The pain of losing a loved one is a universal bond that all of us share. When the loved one is especially close to us—a spouse, a parent, a sibling, or most devastatingly, a child—the bereavement may endure for quite some time. When the grief becomes debilitating, counseling is often the best recourse for helping individuals come to terms with the absence of one they held so dear.
Let Yourself Grieve
Individuals typically will experience a range of emotions when grieving the loss of a loved one—shock, disbelief, sadness, anger, fear, emptiness, guilt, and even relief if the death occurs after an extended illness.
All of these emotions are normal and to be expected. Allowing yourself to express your grief with tears and an outpouring of feelings is a healthy outlet in the aftermath of your loved one’s death. Now is the time to draw together with those who share your grief—children, grandchildren, siblings, friends, and others—so that you may comfort each other in your time of sorrow.
Reaching Out for Help
There is no set timeline for grief, nor is there a right time or wrong time to reach out for grief counseling. In some cases, you may need grief counseling only in the days or weeks following your loved one’s death. You may seek short-term comfort from clergy at your church or those affiliated with your loved one’s hospital, long-term care facility, or hospice program. They may check in with you early and often to make sure you are doing well, and in time, you may let them know that the worst of your grief has passed and you’re able to move forward without their intervention.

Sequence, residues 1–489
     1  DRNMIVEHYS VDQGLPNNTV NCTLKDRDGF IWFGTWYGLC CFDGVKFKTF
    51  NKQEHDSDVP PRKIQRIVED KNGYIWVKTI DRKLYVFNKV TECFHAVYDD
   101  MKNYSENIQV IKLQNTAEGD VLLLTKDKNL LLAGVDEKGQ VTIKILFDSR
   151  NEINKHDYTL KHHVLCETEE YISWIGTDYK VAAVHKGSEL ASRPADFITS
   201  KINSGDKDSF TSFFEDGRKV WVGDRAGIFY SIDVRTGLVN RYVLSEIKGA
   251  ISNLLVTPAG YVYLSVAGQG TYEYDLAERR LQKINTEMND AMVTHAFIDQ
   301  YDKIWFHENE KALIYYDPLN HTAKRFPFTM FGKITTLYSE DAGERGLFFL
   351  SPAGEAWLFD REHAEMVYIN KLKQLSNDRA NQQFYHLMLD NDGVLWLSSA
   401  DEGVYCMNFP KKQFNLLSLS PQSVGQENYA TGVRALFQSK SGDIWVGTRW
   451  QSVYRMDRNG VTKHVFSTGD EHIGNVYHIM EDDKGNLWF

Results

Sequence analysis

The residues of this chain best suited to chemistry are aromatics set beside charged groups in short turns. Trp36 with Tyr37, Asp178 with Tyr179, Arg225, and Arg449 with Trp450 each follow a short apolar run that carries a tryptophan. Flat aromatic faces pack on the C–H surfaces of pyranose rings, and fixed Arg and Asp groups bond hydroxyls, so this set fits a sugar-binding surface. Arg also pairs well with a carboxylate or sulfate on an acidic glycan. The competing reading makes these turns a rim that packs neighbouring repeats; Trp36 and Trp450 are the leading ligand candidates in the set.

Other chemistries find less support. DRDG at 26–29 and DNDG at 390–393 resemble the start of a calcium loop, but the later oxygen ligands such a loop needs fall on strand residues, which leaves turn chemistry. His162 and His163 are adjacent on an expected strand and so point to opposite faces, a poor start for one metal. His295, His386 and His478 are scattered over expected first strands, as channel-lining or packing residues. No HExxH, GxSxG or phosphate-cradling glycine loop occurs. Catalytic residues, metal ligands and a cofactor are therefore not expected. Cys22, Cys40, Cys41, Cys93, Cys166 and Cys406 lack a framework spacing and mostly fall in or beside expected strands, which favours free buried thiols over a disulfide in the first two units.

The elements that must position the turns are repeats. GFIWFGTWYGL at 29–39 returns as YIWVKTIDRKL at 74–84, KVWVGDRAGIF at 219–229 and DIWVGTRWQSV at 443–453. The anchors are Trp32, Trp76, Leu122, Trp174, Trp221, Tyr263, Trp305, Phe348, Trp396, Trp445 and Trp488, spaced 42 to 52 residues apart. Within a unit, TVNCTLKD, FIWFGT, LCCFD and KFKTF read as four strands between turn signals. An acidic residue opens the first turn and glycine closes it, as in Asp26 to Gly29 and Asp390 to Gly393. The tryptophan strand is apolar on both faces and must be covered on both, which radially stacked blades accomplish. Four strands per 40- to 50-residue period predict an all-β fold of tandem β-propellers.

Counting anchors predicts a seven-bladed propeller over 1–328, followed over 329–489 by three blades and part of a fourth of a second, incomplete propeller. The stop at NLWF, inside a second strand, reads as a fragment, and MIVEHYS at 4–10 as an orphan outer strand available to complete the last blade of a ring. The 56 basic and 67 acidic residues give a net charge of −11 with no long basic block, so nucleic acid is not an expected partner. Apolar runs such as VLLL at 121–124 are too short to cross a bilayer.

Grieving over a loved one’s death may last months or even years, but the intensity should lessen over time. If months have passed and you’re still feeling intense grief that cripples your ability to manage your everyday life, consider grief counseling as an important step caring for yourself, both mentally and physically.
Some signs you may need to seek regular professional counseling include:
- You have trouble falling or staying asleep.
- You have no energy and find it difficult to get out of bed in the morning.
- You have difficulty concentrating at work or completely daily chores.
- You have no interest in activities that you previously enjoyed.
- You have no appetite and are losing weight—or conversely, you’re eating the wrong foods and gaining weight.
- You have turned to drugs or alcohol to alleviate sadness or depression.
- You find little joy in the company of others.
- You find yourself obsessively thinking of your loved one’s death and sometimes wish for your own death.
It’s also important to be wary of destructive emotions. For instance, it’s perfectly understandable to feel sadness or loneliness after the loss of a close loved one. However, feeling excessive guilt is not reasonable and actually can be quite harmful.
Unfortunately, losing someone close to us may make us susceptible to guilt over the circumstances of their final days. An adult child may regret that he didn’t visit his ailing parent more often. A wife may berate herself for placing her dementia-suffering husband in a memory care unit because she could no longer care for him.
If you are unable to control these feelings, counseling may be warranted as a way to relieve yourself from this burden of blaming yourself with the realization that your loved one would not want you to suffer in this way.
Caring for Yourself
Taking care of yourself is important at every stage of the grieving process. Grief counselors will help you express your feelings, alleviate stress, cultivate healthy habits, and adapt to a new life that is worth living. In time, you’ll learn to accept your grief as validation of the enduring love you felt for the individual you lost.
Article Source: www.beachsiderehab.com